English
 
Help Privacy Policy Disclaimer
  Advanced SearchBrowse

Item

ITEM ACTIONSEXPORT

Released

Journal Article

A striking correlation between lethal activity and apoptotic DNA fragmentation of liver in response of D-galactosamine- sensitized mice to a non-lethal amount of lipopolysaccharide

MPS-Authors
/persons/resource/persons191079

Gumenscheimer,  Marina
Metchnikoff Laboratory, Max Planck Institute of Immunobiology and Epigenetics, Max Planck Society;

/persons/resource/persons191059

Freudenberg,  Marina
Department of Developmental Immunology, Max Planck Institute of Immunobiology and Epigenetics, Max Planck Society;

/persons/resource/persons191064

Galanos,  Chris
Emeritus Group: Cellular Immunology, Max Planck Institute of Immunobiology and Epigenetics, Max Planck Society;

External Resource
No external resources are shared
Fulltext (public)
There are no public fulltexts stored in PuRe
Supplementary Material (public)
There is no public supplementary material available
Citation

Zhou, B.-R., Gumenscheimer, M., Freudenberg, M., & Galanos, C. (2003). A striking correlation between lethal activity and apoptotic DNA fragmentation of liver in response of D-galactosamine- sensitized mice to a non-lethal amount of lipopolysaccharide. Acta Pharmacologica Sinica, 24(3), 193-198.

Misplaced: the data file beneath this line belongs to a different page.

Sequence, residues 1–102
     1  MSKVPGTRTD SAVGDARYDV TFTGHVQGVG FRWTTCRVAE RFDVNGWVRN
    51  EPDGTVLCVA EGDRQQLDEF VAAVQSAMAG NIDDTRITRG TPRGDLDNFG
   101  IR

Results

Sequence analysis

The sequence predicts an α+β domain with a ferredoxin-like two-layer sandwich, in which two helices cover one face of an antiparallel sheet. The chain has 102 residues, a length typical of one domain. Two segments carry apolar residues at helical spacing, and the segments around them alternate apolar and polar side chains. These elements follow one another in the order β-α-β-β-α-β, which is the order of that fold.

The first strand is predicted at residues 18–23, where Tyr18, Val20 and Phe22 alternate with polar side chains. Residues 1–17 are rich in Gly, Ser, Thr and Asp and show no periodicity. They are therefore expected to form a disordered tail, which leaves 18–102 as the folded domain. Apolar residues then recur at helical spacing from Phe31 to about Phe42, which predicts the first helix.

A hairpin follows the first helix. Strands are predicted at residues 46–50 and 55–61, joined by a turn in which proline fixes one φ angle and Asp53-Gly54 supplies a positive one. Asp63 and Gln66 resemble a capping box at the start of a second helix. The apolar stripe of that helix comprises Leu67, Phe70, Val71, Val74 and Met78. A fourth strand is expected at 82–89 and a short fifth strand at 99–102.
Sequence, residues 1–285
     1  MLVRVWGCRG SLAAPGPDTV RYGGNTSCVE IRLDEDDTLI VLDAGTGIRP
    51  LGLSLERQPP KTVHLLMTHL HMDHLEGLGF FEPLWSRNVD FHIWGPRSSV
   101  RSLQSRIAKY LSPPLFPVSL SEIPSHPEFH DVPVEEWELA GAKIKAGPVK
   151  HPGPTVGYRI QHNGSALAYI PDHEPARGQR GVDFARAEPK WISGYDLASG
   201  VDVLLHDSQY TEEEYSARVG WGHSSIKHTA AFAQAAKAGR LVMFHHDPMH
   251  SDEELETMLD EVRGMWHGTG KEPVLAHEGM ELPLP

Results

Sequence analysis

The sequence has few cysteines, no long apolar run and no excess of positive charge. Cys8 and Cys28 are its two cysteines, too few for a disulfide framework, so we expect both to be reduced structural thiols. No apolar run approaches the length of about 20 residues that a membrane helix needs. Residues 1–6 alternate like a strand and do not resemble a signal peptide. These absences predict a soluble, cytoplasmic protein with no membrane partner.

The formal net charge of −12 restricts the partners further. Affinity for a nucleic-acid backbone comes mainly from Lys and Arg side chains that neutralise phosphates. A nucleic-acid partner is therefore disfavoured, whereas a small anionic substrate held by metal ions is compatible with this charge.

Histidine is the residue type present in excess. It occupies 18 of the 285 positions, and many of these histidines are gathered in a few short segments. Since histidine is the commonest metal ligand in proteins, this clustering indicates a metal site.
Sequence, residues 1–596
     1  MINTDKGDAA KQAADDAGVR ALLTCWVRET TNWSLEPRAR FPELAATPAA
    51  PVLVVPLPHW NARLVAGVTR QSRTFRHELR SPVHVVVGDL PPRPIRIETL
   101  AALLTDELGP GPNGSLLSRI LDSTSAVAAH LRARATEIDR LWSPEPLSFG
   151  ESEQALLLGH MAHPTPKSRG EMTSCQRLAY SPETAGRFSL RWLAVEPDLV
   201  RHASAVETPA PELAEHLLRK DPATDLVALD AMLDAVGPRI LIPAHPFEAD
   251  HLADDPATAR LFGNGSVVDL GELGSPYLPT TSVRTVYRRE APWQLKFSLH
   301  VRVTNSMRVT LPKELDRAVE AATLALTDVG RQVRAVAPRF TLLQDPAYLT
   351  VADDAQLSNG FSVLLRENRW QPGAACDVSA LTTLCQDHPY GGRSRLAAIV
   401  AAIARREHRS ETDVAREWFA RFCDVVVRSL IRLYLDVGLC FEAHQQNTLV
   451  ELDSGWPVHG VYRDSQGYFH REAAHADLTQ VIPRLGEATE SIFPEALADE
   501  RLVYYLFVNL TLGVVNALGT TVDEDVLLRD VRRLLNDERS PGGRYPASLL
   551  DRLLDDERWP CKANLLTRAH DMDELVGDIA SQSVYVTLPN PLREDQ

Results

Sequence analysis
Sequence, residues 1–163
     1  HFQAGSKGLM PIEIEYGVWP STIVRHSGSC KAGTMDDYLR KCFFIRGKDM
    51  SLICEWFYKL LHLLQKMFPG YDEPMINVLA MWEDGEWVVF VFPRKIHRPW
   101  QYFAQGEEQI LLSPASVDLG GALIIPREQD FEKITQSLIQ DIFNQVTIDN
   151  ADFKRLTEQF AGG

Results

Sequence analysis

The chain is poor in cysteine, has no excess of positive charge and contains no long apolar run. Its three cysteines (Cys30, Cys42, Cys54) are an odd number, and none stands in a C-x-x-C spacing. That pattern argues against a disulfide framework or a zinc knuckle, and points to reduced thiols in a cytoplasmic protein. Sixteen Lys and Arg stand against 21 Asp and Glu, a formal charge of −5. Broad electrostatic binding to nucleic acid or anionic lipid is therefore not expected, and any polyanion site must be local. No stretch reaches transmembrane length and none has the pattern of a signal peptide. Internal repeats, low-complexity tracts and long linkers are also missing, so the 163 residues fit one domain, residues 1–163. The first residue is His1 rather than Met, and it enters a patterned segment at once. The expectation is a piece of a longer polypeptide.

Cite as: http://hdl.handle.net/11858/00-001M-0000-002B-9558-8
Abstract
AIM: To observe whether challenge of bacterial lipopolysaccharide (LPS) with D-galactosamine (D-GalN) in mice will result in apoptotic characteristic of vital organs. METHODS: The experimental group of mice was challenged directly with bacterial LPS (0.05 μg) in the presence of D-GalN (20 mg), and the control group of mice was challenged either with bacterial LPS or with D-GalN alone. The organs including brain, kidney, heart, spleen, lung, and liver were removed at an indicated time point under ether anethesia, and immediately homogenized, from which DNA was extracted. The DNA obtained from these organs was analyzed by agarose gel electrophoresis to determine whether the DNA laddering phenomenon existed. The amount of plasma LDH and GOT was detected in mice challenged with bacterial LPS in the presence of D-GalN, and either bacterial LPS or D-GalN alone. RESULTS: Apoptotic DNA fragmentation was initially seen at 4 h after challenge only in the livers of mice challenged with bacterial LPS and D-GalN, all mice in this group challenged with bacterial LPS and D-GalN died at 7 h after challenge; in contrast, the animals in the control group were all alive and the DNA was integral. CONCLUSION: The liver is the only specific target organ where apoptotic DNA fragmentation was present in mice treated with D- GalN and challenged with bacterial LPS and the liver impairment might be the critical cause of the lethality of mice elicited by bacterial LPS.